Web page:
However, following oral argument in this case, the Eleventh
Circuit explicitly rejected that interpretation of its prior
holdings. In FTC v. Watson Pharmaceuticals, Inc., the
Eleventh Circuit clarified that its prior opinions did not call
for an evaluation of the strength of the patent but rather only a
determination whether, absent sham litigation or fraud in
obtaining the patent, the settlement agreement exceeded the
scope of the patent. FTC v. Watson Pharms, Inc., No. 10-
12729, 2012 WL 1427789, at *11 n.8, *12 (11th Cir. Apr. 25,
2012). Thus the standard applied by the Eleventh Circuit is
identical to the scope of the patent test applied by the Second
Circuit to which we now turn.

                     4. Second Circuit – In re Tamoxifen
                        Citrate Antitrust Litig., 466 F.3d 187
                        (2d Cir. 2006)

       The Second Circuit’s decision of In re Tamoxifen
Citrate Antitrust Litigation arose out of an agreement settling
a patent infringement suit over the drug tamoxifen, then the
most widely prescribed drug for the treatment of breast
cancer. 466 F.3d 187, 190 (2d Cir. 2006), cert. denied, 551
U.S. 1144 (2007). That settlement was reached while the
patent case was on appeal after the district court had ruled the

     The Eleventh Circuit subsequently applied, without
further significant explication, the scope of the patent test
announced in Valley Drug and Schering-Plough in another
case, Andrx Pharmaceuticals, Inc. v. Elan Corporation, PLC,
421 F.3d 1227 (11th Cir. 2005).
patent invalid. Id. The settlement called for the name brand
manufacturer to grant the generic manufacturer a license to
sell an unbranded version of tamoxifen and make a reverse
payment of $21 million to the generic manufacturer. The
settlement was contingent on obtaining a vacatur of the
district court’s judgment holding the patent to be invalid,
which was subsequently obtained. Id.

        Affirming the district court’s dismissal of antitrust
plaintiffs’ claims, the Second Circuit applied a presumption
of patent validity and held that “there is no injury to the
market cognizable under existing antitrust law, as long as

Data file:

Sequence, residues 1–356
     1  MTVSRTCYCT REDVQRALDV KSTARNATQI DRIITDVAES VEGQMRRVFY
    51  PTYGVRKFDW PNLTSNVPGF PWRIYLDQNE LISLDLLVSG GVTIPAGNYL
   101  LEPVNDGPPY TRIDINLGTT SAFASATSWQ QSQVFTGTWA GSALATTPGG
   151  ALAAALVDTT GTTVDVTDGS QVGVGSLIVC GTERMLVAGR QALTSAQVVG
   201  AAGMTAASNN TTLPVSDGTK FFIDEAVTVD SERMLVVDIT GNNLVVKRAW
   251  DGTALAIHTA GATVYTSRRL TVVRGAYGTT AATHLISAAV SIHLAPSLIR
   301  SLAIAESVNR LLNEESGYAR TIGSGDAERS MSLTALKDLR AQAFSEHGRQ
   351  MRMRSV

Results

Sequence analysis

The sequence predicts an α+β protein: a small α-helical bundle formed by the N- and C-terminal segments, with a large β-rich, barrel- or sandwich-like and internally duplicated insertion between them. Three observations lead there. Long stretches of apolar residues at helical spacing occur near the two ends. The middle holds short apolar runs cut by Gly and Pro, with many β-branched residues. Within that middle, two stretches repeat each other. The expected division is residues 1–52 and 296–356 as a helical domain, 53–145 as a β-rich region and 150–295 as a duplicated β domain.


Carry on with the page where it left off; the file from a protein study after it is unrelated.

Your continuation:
competition is restrained only within the scope of the patent.”
Id. at 213 (internal citations and quotation marks omitted).
The only exceptions to this rule, the court held, occur where
there is evidence that the patent was procured by fraud or that
the enforcement suit was objectively baseless. Id. This test is
commonly referred to as the “scope of the patent test” or the
“Tamoxifen test.” The Second Circuit conceded that there
was a potentially troubling result of such a rule in that “[t]he
less sound the patent or the less clear the infringement, and
therefore the less justified the monopoly enjoyed by the
patent holder, the more a rule permitting settlement is likely
to benefit the patent holder by allowing it to retain the
patent.” Id. at 211. The court determined, however, that this
risk was counterbalanced by the judicial preference for
settlement. Id.

       In reaching this conclusion, the Second Circuit
concluded that “the Hatch-Waxman Act created an
environment that encourages [reverse payments]” because,
unlike traditional infringement suits where the patent holder
can negotiate by agreeing to forego the infringement damages
it expects to recover, there usually are no infringement
damages in Hatch-Waxman suits. Id. at 206. The Second
Circuit thus reasoned that the “reverse payments” common in
Hatch-Waxman suits are less troubling because they take the
place of infringement damages that the patent holder might
have otherwise waived in order to reach a settlement. Id.

        Judge Pooler dissented from the decision in
Tamoxifen, contending that the scope of the patent rule
applied by the majority “is not soundly grounded in Supreme
Court precedent and is insufficiently protective of the